What type of lens is best after cataract surgery – multifocal or monofocal? It depends, study says
Multifocal intraocular lenses improve near vision without compromising distance vision. However, patients with these intraocular lenses may experience reduced contrast sensitivity and they may see haloes around lights. These are the conclusions of a study appearing in the September issue of Ophthalmology, the clinical journal of the American Academy of Ophthalmology, the Eye M.D. Association.
Monofocal lenses are the current standard of treatment, but usually require spectacles for near vision. The choice between the two types of lenses depends on patients motivation to be free of glasses and contact lenses and on their having realistic expectations about the outcomes and compromises involved.
In this systematic literature review and meta-analysis of eight randomized controlled trials, the researchers examined a number of different outcomes: distance and near visual acuity, both unaided and corrected; spectacle independence; depth of field; contrast sensitivity; glare; subjective assessment of quality of life or visual function; and surgical complications.
Though there was significant variability in outcomes among the trials, in general it was found that distance acuity was similar in multifocal and monofocal intraocular lenses, and that unaided near vision tended to improve with the multifocal lens. Independence from spectacles was found in 26 percent to 47 percent of patients with multifocal lenses, but only in 1 percent to 11 percent of those with monofocal lenses. In addition, multifocal lenses increased depth of field. However, the multifocal lens also reduced contrast sensitivity and resulted in the subjective experience of seeing haloes around lights.
"This study is a very realistic interpretation of the multifocal versus monofocal tradeoff," said Academy spokesperson Samuel Masket, MD, clinical professor of ophthalmology at the Jules Stein Eye Institute, UCLA School of Medicine. "The key to choosing multifocal lenses is strong motivation on the part of the patient to be free of glasses and contact lenses. The patient must consciously accept a reduction in the quality of vision in order to have just under a 50-50 chance of being spectacle free."
Dr. Masket said because of the information and advertising about refractive surgery outcomes, many patients have high expectations. "They often anticipate that lens replacement surgery is equivalent to refractive surgery. In fact, as the study indicates, current multifocal lenses may or may not match those expectations. He added that truly accommodating intraocular lenses, which move back and forth inside the lens capsule so the eye can focus both near and far, are currently under development and will probably replace the existing types of lenses in four to six years.
The American Academy of Ophthalmology is the worlds largest association of eye physicians and surgeons – Eye M.D.s – with more than 27,000 members worldwide. For more information about eye health care, visit the Academys partner Web site, the Medem Network at www.medem.com/eyemd. To find an Eye M.D. in your area, visit the Academys Web site at www.aao.org.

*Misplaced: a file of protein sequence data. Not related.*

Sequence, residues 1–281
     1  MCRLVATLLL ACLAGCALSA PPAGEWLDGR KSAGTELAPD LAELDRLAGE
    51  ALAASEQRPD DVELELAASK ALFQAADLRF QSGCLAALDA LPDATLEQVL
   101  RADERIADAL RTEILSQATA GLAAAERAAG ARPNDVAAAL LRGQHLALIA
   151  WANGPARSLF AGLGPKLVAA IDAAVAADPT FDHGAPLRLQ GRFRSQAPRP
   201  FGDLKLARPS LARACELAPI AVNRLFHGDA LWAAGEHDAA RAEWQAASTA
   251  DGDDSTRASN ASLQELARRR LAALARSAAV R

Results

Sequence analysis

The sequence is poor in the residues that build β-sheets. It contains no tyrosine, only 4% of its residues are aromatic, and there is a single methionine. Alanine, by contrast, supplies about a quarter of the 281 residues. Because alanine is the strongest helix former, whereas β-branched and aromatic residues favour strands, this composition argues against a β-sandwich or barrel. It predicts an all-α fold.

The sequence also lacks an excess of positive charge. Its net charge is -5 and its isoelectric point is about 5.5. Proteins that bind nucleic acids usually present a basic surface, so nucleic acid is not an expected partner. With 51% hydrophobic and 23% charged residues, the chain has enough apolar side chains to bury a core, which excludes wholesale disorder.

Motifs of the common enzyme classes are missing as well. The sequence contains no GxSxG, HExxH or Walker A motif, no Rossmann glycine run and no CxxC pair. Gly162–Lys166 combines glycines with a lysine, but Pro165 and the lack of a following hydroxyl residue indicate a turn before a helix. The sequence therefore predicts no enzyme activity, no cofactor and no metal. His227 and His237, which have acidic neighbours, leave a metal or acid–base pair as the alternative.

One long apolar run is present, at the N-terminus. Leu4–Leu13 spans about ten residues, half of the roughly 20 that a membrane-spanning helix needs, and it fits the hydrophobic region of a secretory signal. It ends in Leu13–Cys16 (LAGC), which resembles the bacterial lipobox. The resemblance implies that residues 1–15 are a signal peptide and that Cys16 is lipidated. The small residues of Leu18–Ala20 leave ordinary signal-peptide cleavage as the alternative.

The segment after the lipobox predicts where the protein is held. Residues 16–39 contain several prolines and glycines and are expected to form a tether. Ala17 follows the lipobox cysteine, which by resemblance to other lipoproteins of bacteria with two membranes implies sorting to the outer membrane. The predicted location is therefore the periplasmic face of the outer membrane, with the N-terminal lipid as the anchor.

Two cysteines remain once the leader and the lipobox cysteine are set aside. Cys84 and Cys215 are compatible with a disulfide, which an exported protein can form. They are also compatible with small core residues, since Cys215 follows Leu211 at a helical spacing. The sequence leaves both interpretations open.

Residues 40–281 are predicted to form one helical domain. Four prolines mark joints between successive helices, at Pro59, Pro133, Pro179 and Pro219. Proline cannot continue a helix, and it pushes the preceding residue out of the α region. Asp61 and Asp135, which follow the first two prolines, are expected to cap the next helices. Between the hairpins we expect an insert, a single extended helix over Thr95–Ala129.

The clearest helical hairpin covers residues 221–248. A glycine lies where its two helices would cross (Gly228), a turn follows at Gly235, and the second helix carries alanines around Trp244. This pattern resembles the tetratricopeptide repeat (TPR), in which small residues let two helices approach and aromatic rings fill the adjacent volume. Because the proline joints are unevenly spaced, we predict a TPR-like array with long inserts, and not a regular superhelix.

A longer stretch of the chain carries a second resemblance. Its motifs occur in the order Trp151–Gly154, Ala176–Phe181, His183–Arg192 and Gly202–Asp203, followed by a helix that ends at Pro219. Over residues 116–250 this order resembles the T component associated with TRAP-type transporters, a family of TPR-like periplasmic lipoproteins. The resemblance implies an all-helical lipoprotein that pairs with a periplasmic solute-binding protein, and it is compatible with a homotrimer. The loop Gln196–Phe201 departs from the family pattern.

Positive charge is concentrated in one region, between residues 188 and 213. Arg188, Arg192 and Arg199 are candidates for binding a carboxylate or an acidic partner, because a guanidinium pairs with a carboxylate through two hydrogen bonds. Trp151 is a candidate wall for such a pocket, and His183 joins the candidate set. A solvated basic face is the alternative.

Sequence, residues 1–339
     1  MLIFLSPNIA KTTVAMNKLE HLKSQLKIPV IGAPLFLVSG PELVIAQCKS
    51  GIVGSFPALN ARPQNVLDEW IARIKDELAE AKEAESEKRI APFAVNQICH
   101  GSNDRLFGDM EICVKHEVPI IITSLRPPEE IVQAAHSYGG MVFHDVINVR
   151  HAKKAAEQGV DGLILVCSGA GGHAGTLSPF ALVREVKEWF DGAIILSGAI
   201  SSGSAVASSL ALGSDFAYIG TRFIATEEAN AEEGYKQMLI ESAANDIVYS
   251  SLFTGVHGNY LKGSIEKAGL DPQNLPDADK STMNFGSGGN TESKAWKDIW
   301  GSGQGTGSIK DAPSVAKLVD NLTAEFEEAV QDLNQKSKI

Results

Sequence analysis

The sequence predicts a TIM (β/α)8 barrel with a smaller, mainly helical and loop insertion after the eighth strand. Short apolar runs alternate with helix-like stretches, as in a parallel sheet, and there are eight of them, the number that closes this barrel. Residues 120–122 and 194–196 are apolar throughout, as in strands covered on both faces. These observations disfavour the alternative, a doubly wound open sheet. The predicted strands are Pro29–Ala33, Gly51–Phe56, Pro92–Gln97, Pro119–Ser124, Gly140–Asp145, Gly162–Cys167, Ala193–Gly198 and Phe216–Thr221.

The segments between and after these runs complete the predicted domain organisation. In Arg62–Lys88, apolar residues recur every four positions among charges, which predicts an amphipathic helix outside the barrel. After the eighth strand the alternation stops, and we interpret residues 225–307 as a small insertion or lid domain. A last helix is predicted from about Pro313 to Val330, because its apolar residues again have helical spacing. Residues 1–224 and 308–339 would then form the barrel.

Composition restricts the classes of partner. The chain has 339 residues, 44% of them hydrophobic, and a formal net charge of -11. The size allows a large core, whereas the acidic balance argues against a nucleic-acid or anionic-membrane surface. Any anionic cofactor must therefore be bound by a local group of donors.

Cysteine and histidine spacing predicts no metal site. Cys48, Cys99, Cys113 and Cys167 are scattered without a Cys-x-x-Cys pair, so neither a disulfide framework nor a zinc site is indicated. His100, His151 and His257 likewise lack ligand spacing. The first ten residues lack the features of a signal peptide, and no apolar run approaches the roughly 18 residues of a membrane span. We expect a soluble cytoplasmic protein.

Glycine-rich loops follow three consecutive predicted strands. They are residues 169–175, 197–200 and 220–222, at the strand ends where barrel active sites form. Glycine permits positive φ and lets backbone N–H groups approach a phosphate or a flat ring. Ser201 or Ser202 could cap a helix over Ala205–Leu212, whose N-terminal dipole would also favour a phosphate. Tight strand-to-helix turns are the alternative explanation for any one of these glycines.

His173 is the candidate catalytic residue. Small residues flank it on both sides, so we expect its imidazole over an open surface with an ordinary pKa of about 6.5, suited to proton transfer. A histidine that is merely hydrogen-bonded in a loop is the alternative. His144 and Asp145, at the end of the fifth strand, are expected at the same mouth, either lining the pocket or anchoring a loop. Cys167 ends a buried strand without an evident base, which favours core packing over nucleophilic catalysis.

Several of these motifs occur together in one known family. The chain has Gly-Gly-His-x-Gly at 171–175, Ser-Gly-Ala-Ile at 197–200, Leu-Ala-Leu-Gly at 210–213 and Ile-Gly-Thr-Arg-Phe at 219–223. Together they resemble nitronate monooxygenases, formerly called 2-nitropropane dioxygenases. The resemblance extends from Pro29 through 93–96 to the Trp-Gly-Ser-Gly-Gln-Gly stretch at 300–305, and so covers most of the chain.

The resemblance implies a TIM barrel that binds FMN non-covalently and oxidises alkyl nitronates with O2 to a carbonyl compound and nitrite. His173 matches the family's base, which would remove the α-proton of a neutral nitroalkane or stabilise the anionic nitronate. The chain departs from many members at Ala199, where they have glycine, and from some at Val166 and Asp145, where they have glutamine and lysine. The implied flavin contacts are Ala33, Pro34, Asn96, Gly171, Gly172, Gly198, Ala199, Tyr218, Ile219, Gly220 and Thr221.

The most recent press releases about innovation >>>
Die letzten 5 Focus-News des innovations-reports im Überblick:
Physicists of the University of Würzburg have made an astonishing discovery in a specific type of topological insulators. The effect is due to the structure of the materials used. The researchers have now published their work in the journal Science.
Topological insulators are currently the hot topic in physics according to the newspaper Neue Zürcher Zeitung. Only a few weeks ago, their importance was...
In recent years, lasers with ultrashort pulses (USP) down to the femtosecond range have become established on an industrial scale. They could advance some applications with the much-lauded “cold ablation” – if that meant they would then achieve more throughput. A new generation of process engineering that will address this issue in particular will be discussed at the “4th UKP Workshop – Ultrafast Laser Technology” in April 2017.
Even back in the 1990s, scientists were comparing materials processing with nanosecond, picosecond and femtosesecond pulses. The result was surprising:...
Mapping the interaction of a single atom with a single photon may inform design of quantum devices
Have you ever wondered how you see the world? Vision is about photons of light, which are packets of energy, interacting with the atoms or molecules in what...
A multi-institutional research collaboration has created a novel approach for fabricating three-dimensional micro-optics through the shape-defined formation of porous silicon (PSi), with broad impacts in integrated optoelectronics, imaging, and photovoltaics.
Working with colleagues at Stanford and The Dow Chemical Company, researchers at the University of Illinois at Urbana-Champaign fabricated 3-D birefringent...
In experiments with magnetic atoms conducted at extremely low temperatures, scientists have demonstrated a unique phase of matter: The atoms form a new type of quantum liquid or quantum droplet state. These so called quantum droplets may preserve their form in absence of external confinement because of quantum effects. The joint team of experimental physicists from Innsbruck and theoretical physicists from Hannover report on their findings in the journal Physical Review X.
“Our Quantum droplets are in the gas phase but they still drop like a rock,” explains experimental physicist Francesca Ferlaino when talking about the...